The vast majority, unsurprisingly (close to £69bn), is money that goes straight out of the door to schools, Academies, and FE colleges to fund annual spend per student. There’s a total of almost £7bn covering everything else, ranging from central DfE admin spend to programme spend on schools, FE and HE. (The numbers don’t sum because HE spend is counted as a negative spend in national accounts, for reasons I hazily understand and so skate over here).

So if DfE is asked for spending cuts starting in April 2023, it’s hard — though not impossible — to make cuts to that £69bn. That would mean a mid-year cut to the amount of money schools are allocated per pupil, and is probably undeliverable.

What would be in scope would be what is called programme spend — that is, little pots of money for particular programmes funded by DfE (sometimes through local government) and which would be planned to be spent from April 2023 through to April 2024. A list of possible programme spend lines is below — this is by no means comprehensive, but it’s easily identifiable lines of spending from reading the SR21 docs:

  • Multiply scheme — worth an estimated £180m or so in 23/24
  • Holiday Activities and Food programme — c£200m
  • Start for Life (early years programme that funds Sure Start type centres and family hubs) — £170m a year
  • Various ECF grants (funding NPQs and teacher training) — level of spend unclear
  • National Skills Fund — about £180m a year
  • Children’s social care improvement programmes — £100m a year
  • Youth investment fund and NCS — about £180m a year
  • PE and sports premium — £200m a year
  • Various music and dance curriculum programmes — £100m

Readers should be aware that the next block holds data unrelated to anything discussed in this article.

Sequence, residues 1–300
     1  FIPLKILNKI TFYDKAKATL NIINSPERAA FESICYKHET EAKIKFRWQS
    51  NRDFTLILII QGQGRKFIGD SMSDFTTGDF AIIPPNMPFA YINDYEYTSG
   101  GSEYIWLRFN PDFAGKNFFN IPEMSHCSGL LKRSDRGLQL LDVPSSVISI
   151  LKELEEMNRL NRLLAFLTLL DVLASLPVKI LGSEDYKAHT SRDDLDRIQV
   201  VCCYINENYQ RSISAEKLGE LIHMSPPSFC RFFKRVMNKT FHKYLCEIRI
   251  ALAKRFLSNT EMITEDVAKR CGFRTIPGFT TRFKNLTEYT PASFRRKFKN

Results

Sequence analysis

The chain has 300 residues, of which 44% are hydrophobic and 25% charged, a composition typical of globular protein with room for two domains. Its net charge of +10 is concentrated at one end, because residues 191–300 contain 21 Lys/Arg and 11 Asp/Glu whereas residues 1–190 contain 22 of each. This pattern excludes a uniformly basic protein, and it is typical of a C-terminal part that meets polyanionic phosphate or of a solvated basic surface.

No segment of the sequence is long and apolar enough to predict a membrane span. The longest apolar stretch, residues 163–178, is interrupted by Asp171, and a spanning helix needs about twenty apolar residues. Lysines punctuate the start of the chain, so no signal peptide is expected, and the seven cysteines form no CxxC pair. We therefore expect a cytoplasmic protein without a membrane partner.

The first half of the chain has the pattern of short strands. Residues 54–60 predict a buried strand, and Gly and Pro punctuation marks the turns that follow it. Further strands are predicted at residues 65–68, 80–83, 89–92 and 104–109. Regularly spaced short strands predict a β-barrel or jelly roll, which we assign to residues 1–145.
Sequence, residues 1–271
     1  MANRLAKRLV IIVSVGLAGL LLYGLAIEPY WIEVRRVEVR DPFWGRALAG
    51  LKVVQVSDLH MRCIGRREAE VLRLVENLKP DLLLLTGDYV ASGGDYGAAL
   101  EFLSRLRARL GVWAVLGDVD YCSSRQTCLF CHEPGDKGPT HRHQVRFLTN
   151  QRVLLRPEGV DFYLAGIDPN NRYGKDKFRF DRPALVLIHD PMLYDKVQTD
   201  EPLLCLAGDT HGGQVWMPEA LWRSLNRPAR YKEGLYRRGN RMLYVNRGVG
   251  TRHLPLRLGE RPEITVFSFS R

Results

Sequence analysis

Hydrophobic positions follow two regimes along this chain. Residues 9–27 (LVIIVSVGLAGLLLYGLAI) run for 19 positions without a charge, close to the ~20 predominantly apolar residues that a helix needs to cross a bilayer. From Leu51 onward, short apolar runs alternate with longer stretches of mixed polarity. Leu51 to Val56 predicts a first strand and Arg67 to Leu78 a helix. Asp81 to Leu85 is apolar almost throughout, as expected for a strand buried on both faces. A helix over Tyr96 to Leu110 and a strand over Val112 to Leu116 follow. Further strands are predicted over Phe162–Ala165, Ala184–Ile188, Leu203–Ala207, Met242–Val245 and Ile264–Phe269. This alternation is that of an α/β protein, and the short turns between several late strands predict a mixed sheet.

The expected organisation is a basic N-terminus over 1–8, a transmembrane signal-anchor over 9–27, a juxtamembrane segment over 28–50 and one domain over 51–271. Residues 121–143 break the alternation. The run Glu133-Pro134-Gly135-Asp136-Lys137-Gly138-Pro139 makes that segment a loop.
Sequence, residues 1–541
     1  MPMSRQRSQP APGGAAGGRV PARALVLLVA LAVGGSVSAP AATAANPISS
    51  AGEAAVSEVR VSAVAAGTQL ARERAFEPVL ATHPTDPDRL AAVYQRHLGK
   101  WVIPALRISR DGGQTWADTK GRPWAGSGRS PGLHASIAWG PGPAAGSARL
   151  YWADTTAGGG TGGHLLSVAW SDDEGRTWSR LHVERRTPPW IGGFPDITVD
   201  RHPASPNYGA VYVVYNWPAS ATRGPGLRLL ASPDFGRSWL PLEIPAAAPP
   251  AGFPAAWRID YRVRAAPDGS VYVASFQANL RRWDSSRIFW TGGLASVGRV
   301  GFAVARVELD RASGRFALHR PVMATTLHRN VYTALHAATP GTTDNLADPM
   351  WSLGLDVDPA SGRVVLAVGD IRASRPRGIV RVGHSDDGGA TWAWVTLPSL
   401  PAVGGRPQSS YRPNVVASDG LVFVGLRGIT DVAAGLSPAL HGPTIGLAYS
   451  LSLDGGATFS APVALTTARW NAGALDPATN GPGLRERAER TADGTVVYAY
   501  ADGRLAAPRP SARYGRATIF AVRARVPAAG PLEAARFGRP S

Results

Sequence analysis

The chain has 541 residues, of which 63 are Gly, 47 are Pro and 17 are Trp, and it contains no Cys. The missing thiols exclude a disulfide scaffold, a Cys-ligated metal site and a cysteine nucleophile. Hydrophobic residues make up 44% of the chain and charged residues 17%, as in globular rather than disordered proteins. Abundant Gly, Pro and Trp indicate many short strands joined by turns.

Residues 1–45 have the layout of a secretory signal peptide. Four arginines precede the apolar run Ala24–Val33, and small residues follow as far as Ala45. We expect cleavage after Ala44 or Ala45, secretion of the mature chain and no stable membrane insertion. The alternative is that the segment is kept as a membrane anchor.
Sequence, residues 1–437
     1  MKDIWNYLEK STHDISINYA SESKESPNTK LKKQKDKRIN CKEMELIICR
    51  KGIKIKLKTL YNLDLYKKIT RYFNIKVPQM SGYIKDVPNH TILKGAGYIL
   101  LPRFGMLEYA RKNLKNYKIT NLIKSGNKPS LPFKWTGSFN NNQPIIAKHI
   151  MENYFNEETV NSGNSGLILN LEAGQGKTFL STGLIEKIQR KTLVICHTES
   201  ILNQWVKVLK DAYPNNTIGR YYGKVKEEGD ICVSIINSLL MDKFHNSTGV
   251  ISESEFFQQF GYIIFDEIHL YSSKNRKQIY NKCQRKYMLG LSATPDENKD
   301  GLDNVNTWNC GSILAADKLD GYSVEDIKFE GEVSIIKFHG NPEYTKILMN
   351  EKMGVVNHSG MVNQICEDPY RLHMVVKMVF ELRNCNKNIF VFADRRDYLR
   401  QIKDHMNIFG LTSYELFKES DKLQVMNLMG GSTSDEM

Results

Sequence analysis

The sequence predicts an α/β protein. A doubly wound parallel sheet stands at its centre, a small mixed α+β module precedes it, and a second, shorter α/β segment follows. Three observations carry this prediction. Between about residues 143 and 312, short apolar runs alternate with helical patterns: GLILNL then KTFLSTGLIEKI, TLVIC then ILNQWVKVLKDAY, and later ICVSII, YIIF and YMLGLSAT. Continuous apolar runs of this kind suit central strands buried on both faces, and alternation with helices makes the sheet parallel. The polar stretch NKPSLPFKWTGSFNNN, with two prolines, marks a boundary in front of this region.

It would also be possible to change the trajectory of grants — for example the UK Shared Prosperity Fund is forecast to grow to about £1.5bn a year in 2024/25, and that growth could be flattened off in 23/24. Similarly, planned R+D spending grants could be tapered. This R+D cut is the big thing the scientific community are worried about.

It won’t escape anyone’s attention that even choosing from that that small list of grants would all come with potentially a lot of political pain to trim those (even if the educational impact for some of those cuts might be more negligble).

But the big game in town is what a whole new three year SR would do. Importantly, here, it needn’t be all bad news. A Truss government would be supportive of some things which DfE and BEIS could propose — most likely in service of economic growth. We could conceivably see an increase in R+D spend, even if via a rejigging of R+D tax credits. We could see the implementation of currently considered changes to the tax treatment of training (via the levy, or a new super deduction, or elsewhere). We could see capital funding for scientific and innovative projects which many universities are keen to see (and in all likelihood, if the levelling up frame disappears, universities in the Midlands and the South could come back into favour). The Lifelong Loan Entitlement and skills programmes would continue or grow. We could see Multiply being scrapped (as a Sunak scheme), and replaced with an almost identical scheme that supports maths for all to 18. I’ll be writing next week on how the education sector can and should be now moving rapidly to making their case in a new Spending Review.

But on the downside, out of favour areas could see a shrinkage. Core schools funding would probably stay reasonably flat, but wouldn’t increase (and I suspect the savings from falling primary rolls would be quietly snaffled, not redistributed). FE would probably see another cut. Early years and youth services are not in line for bonanzas under a Truss government.

A Spending Review planned to start for April 2024 would also have one big political purpose. If Truss went to the country in say March 2024, it would challenge Labour to either match the Truss government’s planned spending changes (and cuts overall), or to be faced with a ‘tax bombshell’ number throughout the election campaign of the cost of abandoning the planned cuts. Based on Starmer and Reeves’ positions to date, at pains to avoid unfunded commitments and project economic competence, I think that would cause some issues — and dissension within the Labour ranks as to how to respond.